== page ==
One of the newer trends in the world of yachting is the support, or shadow, vessel. This is a second ship to carry all the toys: speed boats, helicopters, sailboats, SUVs, submarines, jet skis, to name a few. Vessels Casa and Playa have taken this trend down from the mega-yacht realm to superyachts. Each boat is under 90' long, so this pair of superyachts are much easier to fit into small harbors. Casa is the primary vessel with three luxury cabins, while Playa follows along with the entertainment including a basketball court, wake-surfing boat, SUV and a 10' outside television (we watched the Olympics from across the harbor on Berkeley East).

Even with the increased crowds, La Maddalena was spectacular, but the archipelago lies just south of Corsica, where The Mistral reigns terror on small boats like Berkeley East. We have encountered The Mistral (which blows from southern France to the Northern Mediterranean) before, pinned down for days in winds that often exceed 50 knots. As the wind swirled, we moved from anchorage to anchorage down the east coast of Sardinia to find refuge. A freshly washed BE (scrubbed by the crew at anchor) quickly became coated in salt, as boats sped by sending waves crashing over Berkeley East's decks, dodger and bimini.






The bays were crowded with Italians on holiday. It appeared that the shortest distance between two points was always across Berkeley East's bow, or stern, so BE was in a nearly constant roll. While night clubs remained closed in Italy due to COVID, dancing prohibited, restaurants on shore buzzed into the wee hours of the morning. There was no doubt that we were back in Sardinia, in August, everything was fast and loud.






With a break in the wind, we made way for Olbia to check Berkeley East, and crew, into the country, and end our status as illegal aliens in Italia. While they welcomed the beautiful American yacht, the police insisted they could not stamp our passports. It is typical in Italy, that every port, every official, has their own set of rules and regulations which they apply as they wish. At our next landfall, the harbor master informed us that we should have been stamped in at our first check-in locale, Olbia, and we must wait for the next port. So, BE's motley crew is to remain merchant marines, in the country legally, but confined to the boat for the immediate future.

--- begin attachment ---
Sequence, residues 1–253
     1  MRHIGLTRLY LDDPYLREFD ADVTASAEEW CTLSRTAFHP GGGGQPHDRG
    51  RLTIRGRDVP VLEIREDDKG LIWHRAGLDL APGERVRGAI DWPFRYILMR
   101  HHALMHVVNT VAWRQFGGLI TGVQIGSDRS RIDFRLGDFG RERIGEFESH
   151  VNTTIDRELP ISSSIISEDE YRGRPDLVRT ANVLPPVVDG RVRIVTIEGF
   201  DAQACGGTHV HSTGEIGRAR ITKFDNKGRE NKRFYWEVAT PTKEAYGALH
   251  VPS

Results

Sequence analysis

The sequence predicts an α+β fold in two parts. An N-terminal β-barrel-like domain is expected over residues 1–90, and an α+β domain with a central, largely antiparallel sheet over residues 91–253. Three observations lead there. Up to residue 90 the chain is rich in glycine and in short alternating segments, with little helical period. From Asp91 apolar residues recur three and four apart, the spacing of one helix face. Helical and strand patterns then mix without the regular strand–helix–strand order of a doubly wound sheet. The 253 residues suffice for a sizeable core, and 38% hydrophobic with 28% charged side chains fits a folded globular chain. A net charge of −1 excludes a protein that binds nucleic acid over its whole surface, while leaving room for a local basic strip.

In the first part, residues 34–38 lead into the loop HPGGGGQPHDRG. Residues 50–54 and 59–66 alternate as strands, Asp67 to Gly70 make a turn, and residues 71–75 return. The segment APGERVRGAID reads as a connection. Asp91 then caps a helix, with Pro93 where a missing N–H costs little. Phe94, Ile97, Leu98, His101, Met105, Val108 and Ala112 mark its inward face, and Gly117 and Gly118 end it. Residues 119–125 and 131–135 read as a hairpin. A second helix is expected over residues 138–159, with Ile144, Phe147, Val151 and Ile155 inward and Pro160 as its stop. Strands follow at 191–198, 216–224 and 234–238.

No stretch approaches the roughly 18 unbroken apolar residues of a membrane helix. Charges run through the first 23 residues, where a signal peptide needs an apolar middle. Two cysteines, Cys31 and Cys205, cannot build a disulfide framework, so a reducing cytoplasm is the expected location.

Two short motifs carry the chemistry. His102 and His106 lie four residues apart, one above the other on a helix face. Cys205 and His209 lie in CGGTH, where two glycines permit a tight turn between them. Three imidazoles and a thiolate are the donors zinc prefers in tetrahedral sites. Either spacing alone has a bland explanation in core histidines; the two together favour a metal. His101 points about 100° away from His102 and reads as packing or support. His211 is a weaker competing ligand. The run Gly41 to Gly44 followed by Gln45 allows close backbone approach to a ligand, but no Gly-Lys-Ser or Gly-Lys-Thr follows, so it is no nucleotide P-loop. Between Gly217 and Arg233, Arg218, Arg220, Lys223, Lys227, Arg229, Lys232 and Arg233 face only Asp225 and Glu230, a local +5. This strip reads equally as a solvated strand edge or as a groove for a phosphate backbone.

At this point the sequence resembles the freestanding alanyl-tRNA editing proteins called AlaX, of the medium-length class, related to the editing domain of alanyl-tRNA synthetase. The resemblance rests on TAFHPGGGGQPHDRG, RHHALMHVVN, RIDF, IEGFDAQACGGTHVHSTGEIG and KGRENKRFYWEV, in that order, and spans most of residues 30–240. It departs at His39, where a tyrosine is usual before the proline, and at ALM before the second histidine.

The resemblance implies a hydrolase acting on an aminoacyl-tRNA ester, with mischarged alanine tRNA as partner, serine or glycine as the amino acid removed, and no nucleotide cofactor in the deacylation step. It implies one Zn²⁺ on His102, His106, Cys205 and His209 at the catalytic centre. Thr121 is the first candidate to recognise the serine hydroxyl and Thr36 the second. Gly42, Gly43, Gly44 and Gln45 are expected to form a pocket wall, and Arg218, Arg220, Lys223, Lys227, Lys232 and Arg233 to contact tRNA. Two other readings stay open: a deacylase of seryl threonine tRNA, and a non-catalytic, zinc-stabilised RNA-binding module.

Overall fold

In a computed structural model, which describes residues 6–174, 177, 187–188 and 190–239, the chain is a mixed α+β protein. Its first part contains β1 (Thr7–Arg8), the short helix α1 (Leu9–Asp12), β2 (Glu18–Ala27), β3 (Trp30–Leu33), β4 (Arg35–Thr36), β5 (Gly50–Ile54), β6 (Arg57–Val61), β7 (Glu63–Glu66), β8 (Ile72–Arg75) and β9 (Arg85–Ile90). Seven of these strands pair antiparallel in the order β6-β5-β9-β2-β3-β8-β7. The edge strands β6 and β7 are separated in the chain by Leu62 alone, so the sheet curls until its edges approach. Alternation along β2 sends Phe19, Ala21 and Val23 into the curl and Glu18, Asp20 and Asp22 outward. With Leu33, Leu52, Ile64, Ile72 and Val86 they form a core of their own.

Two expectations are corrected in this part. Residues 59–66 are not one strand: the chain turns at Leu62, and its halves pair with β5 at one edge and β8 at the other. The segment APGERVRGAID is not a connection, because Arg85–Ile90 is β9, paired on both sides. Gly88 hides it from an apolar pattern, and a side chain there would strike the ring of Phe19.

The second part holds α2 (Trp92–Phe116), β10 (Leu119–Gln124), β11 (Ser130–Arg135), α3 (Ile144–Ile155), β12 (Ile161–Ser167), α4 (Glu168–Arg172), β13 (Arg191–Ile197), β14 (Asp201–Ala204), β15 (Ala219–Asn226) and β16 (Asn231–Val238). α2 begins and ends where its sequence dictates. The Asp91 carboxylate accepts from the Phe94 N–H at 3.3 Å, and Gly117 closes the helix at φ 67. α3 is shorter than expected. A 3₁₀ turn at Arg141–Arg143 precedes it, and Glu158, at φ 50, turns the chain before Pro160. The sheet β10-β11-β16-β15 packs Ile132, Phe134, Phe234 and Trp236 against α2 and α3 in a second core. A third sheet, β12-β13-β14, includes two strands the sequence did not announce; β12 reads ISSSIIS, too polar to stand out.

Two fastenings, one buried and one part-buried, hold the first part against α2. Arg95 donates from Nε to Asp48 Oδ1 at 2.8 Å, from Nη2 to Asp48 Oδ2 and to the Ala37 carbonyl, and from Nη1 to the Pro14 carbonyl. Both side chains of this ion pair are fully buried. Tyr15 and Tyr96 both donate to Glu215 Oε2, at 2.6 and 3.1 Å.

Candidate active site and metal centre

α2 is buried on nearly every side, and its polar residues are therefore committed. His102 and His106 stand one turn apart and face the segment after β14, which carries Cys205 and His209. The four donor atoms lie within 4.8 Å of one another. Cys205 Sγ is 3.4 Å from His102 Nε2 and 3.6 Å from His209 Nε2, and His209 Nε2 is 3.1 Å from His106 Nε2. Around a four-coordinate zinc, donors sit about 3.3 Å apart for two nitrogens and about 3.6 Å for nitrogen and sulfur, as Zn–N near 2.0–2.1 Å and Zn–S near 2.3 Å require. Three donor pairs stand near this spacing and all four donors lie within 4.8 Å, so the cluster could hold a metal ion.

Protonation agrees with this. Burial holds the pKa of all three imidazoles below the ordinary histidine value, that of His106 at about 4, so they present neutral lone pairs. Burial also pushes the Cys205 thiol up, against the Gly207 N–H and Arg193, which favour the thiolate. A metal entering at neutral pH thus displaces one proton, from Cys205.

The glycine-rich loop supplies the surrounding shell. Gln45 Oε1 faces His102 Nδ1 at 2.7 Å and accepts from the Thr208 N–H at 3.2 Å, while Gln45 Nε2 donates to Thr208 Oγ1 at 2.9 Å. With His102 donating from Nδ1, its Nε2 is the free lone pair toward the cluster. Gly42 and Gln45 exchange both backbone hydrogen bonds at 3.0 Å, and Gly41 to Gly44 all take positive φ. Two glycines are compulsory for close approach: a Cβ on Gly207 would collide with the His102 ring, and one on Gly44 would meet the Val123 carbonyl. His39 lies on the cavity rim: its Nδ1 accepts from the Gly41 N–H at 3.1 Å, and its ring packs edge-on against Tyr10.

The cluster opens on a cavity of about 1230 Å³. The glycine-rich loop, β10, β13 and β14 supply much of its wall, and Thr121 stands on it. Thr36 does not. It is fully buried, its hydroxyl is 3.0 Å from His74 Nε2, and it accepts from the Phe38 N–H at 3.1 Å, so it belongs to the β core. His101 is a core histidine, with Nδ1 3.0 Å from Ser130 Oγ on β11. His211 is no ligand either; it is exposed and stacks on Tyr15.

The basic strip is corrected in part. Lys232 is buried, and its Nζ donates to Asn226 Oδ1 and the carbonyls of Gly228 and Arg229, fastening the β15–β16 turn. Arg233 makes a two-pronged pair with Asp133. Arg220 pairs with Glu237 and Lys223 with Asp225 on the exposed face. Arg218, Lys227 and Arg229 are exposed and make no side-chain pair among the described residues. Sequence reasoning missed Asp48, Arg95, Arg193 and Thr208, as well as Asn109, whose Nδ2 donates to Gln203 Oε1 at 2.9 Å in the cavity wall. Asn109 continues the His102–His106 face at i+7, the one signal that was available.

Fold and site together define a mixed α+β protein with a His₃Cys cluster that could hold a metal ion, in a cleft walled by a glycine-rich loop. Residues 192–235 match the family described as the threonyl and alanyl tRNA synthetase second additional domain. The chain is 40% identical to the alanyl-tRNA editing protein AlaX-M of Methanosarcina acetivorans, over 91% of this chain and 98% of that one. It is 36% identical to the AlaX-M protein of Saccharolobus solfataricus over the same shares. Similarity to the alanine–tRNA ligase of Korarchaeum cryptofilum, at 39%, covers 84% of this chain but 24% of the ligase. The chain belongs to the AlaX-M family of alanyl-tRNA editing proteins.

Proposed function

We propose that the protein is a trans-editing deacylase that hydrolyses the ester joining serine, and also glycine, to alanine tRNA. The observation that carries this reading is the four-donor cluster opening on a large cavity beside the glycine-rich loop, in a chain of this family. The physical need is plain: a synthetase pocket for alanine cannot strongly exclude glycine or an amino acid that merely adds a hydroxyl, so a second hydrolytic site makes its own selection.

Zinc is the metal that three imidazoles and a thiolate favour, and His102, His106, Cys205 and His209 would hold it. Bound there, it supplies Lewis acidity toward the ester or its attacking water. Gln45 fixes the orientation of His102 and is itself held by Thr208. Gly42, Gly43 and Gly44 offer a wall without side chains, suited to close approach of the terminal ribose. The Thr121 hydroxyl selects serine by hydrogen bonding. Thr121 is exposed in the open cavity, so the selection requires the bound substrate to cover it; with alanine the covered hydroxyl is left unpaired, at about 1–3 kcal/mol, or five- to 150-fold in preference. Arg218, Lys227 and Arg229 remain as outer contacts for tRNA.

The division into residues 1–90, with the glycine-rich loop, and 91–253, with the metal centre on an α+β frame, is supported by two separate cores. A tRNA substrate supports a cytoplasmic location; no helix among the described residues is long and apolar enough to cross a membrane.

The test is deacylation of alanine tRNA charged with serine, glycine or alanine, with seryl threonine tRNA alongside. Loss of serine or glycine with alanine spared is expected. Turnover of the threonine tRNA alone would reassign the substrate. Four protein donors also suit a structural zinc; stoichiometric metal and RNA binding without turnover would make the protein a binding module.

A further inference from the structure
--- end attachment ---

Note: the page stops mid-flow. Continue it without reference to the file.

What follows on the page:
Comments
Vessel Name: Berkeley East
Vessel Make/Model: Hylas 54
Hailing Port: San Diego, CA
Crew: Larry & Mary Ivins
About: We quit our jobs in July of 2007 and began our adventure, sailing the US east coast in the summers and then spending our winters in the Caribbean. In 2010 we sailed across the Atlantic and will be cruising the Med for the next few years.
Extra:
FAQ Q: Did you go to UC Berkeley?

A: No. The name Berkeley East came from a ferry boat, "the Berkeley", that we met on over 30 years ago in San Diego. The East came as a result of seeing the boat being built in Taiwan. There was 30-foot Chinese symbol on the wall behind her during [...]
Berkeley East's Photos - Caribbean 1500 2008 (Main)
Street art from our 2019 stay in Barcelona
25 Photos
Created 7 November 2019
Photos for blog post
15 Photos
Created 2 August 2016
18 Photos
Created 17 May 2013
Extra pictures for Croatia
12 Photos
Created 5 September 2012
Venice June 2012
20 Photos
Created 12 July 2012
Tuscany trip summer 2011
30 Photos
Created 18 July 2011
Pictures from June 2011 - The Ligurian Coast of Italy
29 Photos
Created 29 June 2011
Wardrick Wells - Exuma Land and Sea Park May 2009
11 Photos
Created 4 May 2009
6 Photos
Created 22 April 2009
20 Photos
Created 21 April 2009
24 Photos
Created 19 April 2009
Pictures from our trip to Los Testigos, Venezuela - March 2009
5 Photos
Created 11 April 2009
4 Photos
Created 28 March 2009
Pics form the 2008 Caribbean 1500
No Photos
Created 26 November 2008
Octopuses Garden – Highborne, Exuma Cay, Bahamas
15 Photos
Created 22 May 2008
4 Photos
Created 22 April 2008
13 Photos
Created 28 January 2008
Chistmas 2007 in St Maarten with other crusiers and Mike and Linda (frends & meighbors from CA)
6 Photos
Created 28 January 2008
5 Photos
Created 23 December 2007
5 Photos
Created 21 November 2007
3 Photos
Created 5 September 2007
4 Photos
Created 28 August 2007
7 Photos
Created 28 August 2007
6 Photos
Created 22 July 2007
10 Photos
Created 22 July 2007
In early July 2006 we made a quick from Sydney, Australia to Kaohsiung, Taiwan to check on the construction of our Hylas 54. She was a little behind schedule, but the build quality was excellent.
4 Photos
Created 22 July 2007
4 Photos
Created 17 July 2007
After 28 days aboard Sigrun Bolten from Taiwan, Berkeley East arrived in Port Everglades Florida. Mary and I helped unload her and motored up the river to be hauled and rigged. We where joined by our friends and next door neighbors (from CA), who were in Florida cruising from California to the Caribbean.
5 Photos
Created 17 July 2007

Profile & FAQs

Who: Larry & Mary Ivins
Port: San Diego, CA

Our travels

Itinerary:

July 2019- Return to Gaeta, Italy

August 2019 - Gaeta to Sicily, Tunisia and Sardinia

September 2019 - The Spanish Balearic Islands

October 2019 -Barcelona Spain

November 2019 - Charlotte, NC